Note that for Kirsty, it is not just walking well in shoes that is important, her shoes are also valued and recognised as ‘beautiful’ by others, validating her taste and cultural knowledge. Several of the other young women also see investment in the ‘right’ kind of shoes as important. This can be – for example – through wearing ‘proper’ high heels rather than smaller or kitten heels (again possibly linking to the idea that to walk successfully in ‘proper’ high heels is an achievement of femininity). For others, investing in more expensive or designer shoes is important; however this is described not as about being ‘snobby’ or showing off a particular brand, but rather about treating yourself and spending your hard-earned money on appropriate attire and accessories for a night out. This reflects a ‘work hard, play hard’ working-class Geordie ethic, and is contrasted with the ‘underclass’ or ‘chaavers’, who are imagined as unemployed and unable to afford the appropriate markers of femininity. For example, when I asked Nicole to describe a ‘chaaver’, she explains:

…cheap shoes – oh god, the shoes – we notice that quite a lot… like, Garage shoes are about twenty quid, you can spot them a mile off (Nicole, 24, working-class, straight)

However, the young women’s experiences of and feelings towards heels are diverse, and not everyone is willing to ‘toe’ the line, as it were. Whilst some young women subscribe to the ‘no pain, no gain’ idea, claiming it was worth the discomfort or even pain of wearing heels, other participants challenge this and resist wearing heels themselves:

I know people who will wear high heels on a night out, even if they make their feet bleed. I’m like ‘why?!’… And they’re just like ‘because they look so nice!’… And I’m like ‘but your feet are in shreds… why?!’ (Donna, 21, middle-class, queer)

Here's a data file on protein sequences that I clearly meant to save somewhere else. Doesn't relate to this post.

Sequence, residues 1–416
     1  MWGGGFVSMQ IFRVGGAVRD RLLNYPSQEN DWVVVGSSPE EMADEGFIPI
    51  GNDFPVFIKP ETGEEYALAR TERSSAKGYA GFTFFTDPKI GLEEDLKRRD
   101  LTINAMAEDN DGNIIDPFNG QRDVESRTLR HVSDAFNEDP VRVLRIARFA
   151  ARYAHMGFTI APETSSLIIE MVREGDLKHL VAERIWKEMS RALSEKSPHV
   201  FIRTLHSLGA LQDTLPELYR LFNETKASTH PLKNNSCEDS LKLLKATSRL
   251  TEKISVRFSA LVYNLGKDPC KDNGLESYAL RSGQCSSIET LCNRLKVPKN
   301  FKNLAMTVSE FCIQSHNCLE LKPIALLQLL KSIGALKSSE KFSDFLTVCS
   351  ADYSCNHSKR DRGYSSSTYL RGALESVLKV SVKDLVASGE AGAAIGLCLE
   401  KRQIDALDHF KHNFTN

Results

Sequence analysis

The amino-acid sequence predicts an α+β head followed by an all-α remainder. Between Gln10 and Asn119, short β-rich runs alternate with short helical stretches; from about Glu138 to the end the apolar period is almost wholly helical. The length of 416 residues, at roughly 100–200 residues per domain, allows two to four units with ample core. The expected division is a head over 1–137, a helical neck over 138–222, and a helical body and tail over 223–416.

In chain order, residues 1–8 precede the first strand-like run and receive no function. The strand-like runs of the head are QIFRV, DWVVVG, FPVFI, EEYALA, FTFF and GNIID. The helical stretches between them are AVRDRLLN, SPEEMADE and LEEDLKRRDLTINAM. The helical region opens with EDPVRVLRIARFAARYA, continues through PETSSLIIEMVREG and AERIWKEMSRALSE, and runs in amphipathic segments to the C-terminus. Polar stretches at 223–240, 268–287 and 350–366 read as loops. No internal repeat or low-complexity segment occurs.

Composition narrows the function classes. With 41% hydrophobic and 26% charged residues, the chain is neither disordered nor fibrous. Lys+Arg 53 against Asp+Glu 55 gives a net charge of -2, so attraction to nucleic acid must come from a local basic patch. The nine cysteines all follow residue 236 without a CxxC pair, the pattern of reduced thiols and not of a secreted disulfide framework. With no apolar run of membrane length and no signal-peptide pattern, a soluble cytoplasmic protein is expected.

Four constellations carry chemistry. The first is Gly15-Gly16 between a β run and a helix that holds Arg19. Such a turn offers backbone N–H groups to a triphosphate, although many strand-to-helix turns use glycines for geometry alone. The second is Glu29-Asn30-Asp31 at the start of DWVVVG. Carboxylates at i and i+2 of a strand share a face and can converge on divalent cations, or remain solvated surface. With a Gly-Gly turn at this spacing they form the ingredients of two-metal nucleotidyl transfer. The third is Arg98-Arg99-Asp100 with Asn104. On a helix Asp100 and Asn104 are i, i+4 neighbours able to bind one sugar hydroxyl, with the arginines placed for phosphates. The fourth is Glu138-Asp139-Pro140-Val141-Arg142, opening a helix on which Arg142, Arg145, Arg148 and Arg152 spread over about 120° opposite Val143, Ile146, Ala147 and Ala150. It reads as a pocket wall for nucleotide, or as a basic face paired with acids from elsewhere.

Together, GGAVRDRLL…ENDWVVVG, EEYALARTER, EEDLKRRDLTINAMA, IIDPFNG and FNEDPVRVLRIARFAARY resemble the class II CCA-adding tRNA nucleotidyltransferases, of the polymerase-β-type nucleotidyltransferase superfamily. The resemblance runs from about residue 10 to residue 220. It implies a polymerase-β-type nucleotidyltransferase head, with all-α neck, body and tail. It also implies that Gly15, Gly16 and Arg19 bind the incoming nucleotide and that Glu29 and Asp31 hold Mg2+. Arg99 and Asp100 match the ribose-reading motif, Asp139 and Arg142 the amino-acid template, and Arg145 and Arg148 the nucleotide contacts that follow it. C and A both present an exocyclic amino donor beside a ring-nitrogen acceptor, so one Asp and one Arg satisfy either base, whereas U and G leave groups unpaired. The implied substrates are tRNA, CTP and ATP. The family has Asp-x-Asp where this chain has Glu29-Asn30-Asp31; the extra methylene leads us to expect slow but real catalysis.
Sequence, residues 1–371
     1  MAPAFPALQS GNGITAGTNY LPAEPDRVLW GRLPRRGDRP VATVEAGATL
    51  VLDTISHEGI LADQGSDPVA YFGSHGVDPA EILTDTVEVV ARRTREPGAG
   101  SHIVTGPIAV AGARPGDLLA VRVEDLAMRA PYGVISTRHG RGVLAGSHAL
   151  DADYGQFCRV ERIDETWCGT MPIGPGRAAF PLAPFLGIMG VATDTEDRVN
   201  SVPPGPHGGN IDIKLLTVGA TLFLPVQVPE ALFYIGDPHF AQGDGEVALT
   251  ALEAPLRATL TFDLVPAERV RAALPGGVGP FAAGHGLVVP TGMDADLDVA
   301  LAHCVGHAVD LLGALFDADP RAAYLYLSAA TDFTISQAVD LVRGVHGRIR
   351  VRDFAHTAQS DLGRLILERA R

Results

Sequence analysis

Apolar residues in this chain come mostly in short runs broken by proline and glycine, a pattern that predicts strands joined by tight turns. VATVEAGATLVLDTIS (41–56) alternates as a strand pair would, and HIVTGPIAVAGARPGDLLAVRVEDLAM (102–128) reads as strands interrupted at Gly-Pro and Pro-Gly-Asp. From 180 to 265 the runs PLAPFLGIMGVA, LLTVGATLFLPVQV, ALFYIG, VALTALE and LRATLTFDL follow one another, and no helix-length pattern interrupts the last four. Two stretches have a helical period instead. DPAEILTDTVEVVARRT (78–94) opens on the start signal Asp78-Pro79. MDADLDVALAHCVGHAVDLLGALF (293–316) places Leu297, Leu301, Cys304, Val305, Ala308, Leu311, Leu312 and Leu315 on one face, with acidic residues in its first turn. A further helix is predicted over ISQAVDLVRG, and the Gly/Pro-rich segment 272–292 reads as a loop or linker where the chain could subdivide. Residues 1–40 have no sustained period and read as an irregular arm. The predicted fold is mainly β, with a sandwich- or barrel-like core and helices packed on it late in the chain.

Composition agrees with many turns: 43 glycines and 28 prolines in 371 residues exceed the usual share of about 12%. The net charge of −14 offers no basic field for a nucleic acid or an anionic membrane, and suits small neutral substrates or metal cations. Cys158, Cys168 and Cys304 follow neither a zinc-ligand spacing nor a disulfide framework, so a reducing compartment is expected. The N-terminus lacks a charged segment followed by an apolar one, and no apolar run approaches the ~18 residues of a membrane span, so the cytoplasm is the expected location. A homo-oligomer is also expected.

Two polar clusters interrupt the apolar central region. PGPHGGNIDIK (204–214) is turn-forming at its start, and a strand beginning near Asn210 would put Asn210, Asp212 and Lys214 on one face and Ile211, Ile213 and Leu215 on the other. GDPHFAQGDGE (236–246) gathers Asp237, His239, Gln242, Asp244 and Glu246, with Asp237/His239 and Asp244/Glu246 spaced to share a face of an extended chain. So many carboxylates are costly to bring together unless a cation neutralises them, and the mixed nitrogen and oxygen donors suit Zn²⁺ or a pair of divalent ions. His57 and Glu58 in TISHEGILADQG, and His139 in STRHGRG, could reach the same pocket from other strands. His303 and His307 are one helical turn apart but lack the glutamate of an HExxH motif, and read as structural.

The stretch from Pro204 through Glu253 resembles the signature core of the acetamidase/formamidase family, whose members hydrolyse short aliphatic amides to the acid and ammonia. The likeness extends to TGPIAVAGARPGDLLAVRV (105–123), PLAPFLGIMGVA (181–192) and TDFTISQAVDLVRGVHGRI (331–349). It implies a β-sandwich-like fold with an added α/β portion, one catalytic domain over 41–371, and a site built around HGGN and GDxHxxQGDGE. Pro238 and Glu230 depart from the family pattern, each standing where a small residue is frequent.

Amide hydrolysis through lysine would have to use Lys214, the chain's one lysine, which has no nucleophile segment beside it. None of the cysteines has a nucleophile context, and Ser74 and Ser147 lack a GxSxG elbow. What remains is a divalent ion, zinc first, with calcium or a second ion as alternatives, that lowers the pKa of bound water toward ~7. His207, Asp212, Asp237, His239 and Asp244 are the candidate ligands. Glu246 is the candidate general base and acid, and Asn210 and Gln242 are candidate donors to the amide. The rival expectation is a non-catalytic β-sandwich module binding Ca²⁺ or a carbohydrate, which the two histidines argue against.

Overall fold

Related to the idea of pain, several participants talk about the ways in which heels can restrict and limit movement and ability to explore and experience the city. Similarly, the decision to go home is often made when the pain of wearing heels becomes too much. Heels in this sense literally limit where, how and when women are able to engage with the Night Time Economy.

There are also numerous tales of resistance to the idea of wearing high heels on a night out. Hayley talks about deliberately wearing her oldest, most worn-out shoes for a night out as they are only going to end up ‘wrecked’ anyway, whilst Fiona describes her Doc Martens as ‘multi-purpose’ as she can wear them on a night out for ‘booting skanks’ (kicking women who make a move on her partner). These tales and others articulate alternative discourses around footwear choice on a night out, around ideas of comfort, function and practicality.

This raises for me some of the questions of the familiar debates around agency and empowerment, again, ideas that were touched on at the symposium. Are women being ‘duped’ into actions such as wearing high heels in order to fit a narrow stereotype of conventionally ‘sexy’ femininity for the male gaze? Or does this reading do an injustice to the women themselves and the ways in which they talk about the pleasure of heels and of getting dressed up for a night out more generally? The animated way in which many of the young women talk to me about getting ready – and its often important function as a way of bonding and spending time with female friends – makes me hesitant to simply write them off as undisputed victims of the patriarchy. Whether unwitting Cinderella searching for her prince, or empowered sister doing it for herself, there’s more to heels and their wearers than meets the eye.

Emily Nicholls is a second year PhD student at Newcastle University. To contact her or find out more about her research, email e.nicholls@newcastle.ac.uk or visit http://research.ncl.ac.uk/agnorp/